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Futian: waiting for the future
2014-July-4 08:53
Shenzhen Daily



TWENTY years ago, it was still possible to find gardens and litchi orchards in what we call the CBD today. Indeed, east of the Shanghai Hotel was “downtown.” West of the hotel was a stretch of land that was neither downtown nor suburban, but instead seemed poised at the edge of transformation, a space waiting for the future.

But what does it mean to say that Futian was “waiting for the future?” The Central Park provides insight. The section of the park along Shennan Boulevard had sidewalks, plazas and benches. However, the section along Zhenhua Road was still a working litchi orchard. Every May, Zhanjiang bee farmers set up temporary camps in the orchard to produce litchi honey. While the bees flitted from blossom to blossom, the transient farmers cooked simple meals on propane stoves, played cards, chatted, and sold honey from their tents. In some sense, the scene seems no different from pre-reform rural China. And yet changes already rumbled through the area. Tianmian, Gangxia, Huanggang — these villages, which had been teemed up with handshake buildings, had been going through renovation and reconstruction — erected arches that boldly declared themselves as “new villages.”

I came to Shenzhen in 1995 to conduct ethnographic fieldwork. I rented a room in Yuehaimen, just next to Shenzhen University. In the 1980s, University president Luo Zhengqi had designed a university campus without borders, but when I arrived, the campus had already been bounded, except for a gate between Yuehaimen and the south campus. I didn’t think of Yuehaimen as being a “village.” It had six-story buildings, concrete apartment buildings, a wet market, restaurants, beauty parlors and small convenience stores. In other words, Yuehaimen physically looked like a low-income neighborhood, but was in fact considered a “village.”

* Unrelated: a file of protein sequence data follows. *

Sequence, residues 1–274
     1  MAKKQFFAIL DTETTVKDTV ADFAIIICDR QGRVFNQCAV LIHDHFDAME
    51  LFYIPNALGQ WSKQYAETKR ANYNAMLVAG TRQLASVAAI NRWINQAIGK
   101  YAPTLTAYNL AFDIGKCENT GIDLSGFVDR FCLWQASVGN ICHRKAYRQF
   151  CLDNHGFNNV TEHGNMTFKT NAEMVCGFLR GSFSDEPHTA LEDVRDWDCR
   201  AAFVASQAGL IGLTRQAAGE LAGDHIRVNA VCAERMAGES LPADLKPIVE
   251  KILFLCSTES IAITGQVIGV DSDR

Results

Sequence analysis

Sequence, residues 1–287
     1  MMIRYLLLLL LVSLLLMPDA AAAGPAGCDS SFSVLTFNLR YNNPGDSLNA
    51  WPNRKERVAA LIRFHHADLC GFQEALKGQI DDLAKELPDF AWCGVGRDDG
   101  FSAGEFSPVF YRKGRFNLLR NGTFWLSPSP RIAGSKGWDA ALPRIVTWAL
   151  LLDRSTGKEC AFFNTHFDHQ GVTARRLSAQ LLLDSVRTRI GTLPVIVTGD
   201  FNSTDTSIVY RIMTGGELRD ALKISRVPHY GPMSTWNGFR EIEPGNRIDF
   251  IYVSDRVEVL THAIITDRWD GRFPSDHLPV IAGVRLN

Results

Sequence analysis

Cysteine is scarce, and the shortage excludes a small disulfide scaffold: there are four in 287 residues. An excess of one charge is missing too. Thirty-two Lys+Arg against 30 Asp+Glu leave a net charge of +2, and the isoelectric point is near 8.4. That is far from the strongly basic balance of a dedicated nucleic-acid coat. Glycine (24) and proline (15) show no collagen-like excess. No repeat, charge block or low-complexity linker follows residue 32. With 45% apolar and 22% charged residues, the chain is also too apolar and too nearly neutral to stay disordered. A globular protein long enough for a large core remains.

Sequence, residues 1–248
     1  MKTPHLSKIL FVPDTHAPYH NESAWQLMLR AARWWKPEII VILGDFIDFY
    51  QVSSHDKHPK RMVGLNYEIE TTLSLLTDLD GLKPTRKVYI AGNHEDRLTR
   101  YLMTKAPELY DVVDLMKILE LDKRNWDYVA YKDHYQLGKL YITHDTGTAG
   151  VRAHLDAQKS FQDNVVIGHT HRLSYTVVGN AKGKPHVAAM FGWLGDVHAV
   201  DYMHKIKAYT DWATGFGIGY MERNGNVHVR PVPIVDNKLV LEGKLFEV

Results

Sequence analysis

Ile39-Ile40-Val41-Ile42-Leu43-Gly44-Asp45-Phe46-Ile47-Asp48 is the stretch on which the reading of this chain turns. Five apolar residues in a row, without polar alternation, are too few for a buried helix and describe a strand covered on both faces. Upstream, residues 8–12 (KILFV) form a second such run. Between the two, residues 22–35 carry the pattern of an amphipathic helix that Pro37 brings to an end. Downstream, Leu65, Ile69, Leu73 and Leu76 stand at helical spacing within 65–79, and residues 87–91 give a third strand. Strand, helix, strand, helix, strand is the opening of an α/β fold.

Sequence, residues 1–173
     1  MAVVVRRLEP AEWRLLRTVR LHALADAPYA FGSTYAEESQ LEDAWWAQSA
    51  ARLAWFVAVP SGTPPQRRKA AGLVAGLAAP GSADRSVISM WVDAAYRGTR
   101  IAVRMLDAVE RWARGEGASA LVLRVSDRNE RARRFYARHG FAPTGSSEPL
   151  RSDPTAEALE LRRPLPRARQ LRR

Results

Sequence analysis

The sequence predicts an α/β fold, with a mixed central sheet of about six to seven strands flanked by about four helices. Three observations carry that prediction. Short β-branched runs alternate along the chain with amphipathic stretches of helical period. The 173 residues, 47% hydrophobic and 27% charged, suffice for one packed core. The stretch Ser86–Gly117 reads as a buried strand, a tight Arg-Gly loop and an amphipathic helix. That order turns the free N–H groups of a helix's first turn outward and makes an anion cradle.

A student of anthropology, I was interested in the new Shenzhen culture that was being created by migrants and locals. There were two kinds of migrants — white-collar professionals, usually from other Chinese cities, and blue-collar laborers, usually fresh off the farm. Migrants had come to Shenzhen in order to change their lives. In contrast, the locals identified with their villages, even though physically these spaces were rapidly urbanizing. I wondered what kind of Shenzhen identity these diverse groups of people who spoke different hometown languages and occupied different social statuses were creating. Some 20 years ago, the social category “Shenzhener” did not exist. I was curious when and how this identity would emerge? And once there was such a category, who would claim it?